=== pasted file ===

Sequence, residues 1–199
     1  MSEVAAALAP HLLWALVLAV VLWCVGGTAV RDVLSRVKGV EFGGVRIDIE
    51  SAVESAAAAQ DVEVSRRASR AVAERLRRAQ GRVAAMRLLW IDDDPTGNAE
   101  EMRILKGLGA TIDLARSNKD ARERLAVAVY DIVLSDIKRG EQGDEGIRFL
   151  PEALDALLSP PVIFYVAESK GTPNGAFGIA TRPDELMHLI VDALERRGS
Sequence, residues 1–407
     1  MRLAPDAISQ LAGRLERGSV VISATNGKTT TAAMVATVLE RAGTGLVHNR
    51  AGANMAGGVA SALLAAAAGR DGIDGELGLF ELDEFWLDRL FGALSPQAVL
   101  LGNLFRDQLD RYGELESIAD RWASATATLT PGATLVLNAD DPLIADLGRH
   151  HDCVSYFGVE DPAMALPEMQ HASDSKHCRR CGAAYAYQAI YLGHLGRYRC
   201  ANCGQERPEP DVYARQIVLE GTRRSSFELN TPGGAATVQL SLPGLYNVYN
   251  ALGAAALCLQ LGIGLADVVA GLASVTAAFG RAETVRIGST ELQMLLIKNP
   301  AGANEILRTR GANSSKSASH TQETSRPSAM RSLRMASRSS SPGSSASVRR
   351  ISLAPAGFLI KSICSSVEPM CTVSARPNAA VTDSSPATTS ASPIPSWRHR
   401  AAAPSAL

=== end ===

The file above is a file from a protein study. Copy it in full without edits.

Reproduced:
Sequence, residues 1–199
     1  MSEVAAALAP HLLWALVLAV VLWCVGGTAV RDVLSRVKGV EFGGVRIDIE
    51  SAVESAAAAQ DVEVSRRASR AVAERLRRAQ GRVAAMRLLW IDDDPTGNAE
   101  EMRILKGLGA TIDLARSNKD ARERLAVAVY DIVLSDIKRG EQGDEGIRFL
   151  PEALDALLSP PVIFYVAESK GTPNGAFGIA TRPDELMHLI VDALERRGS
Sequence, residues 1–407
     1  MRLAPDAISQ LAGRLERGSV VISATNGKTT TAAMVATVLE RAGTGLVHNR
    51  AGANMAGGVA SALLAAAAGR DGIDGELGLF ELDEFWLDRL FGALSPQAVL
   101  LGNLFRDQLD RYGELESIAD RWASATATLT PGATLVLNAD DPLIADLGRH
   151  HDCVSYFGVE DPAMALPEMQ HASDSKHCRR CGAAYAYQAI YLGHLGRYRC
   201  ANCGQERPEP DVYARQIVLE GTRRSSFELN TPGGAATVQL SLPGLYNVYN
   251  ALGAAALCLQ LGIGLADVVA GLASVTAAFG RAETVRIGST ELQMLLIKNP
   301  AGANEILRTR GANSSKSASH TQETSRPSAM RSLRMASRSS SPGSSASVRR
   351  ISLAPAGFLI KSICSSVEPM CTVSARPNAA VTDSSPATTS ASPIPSWRHR
   401  AAAPSAL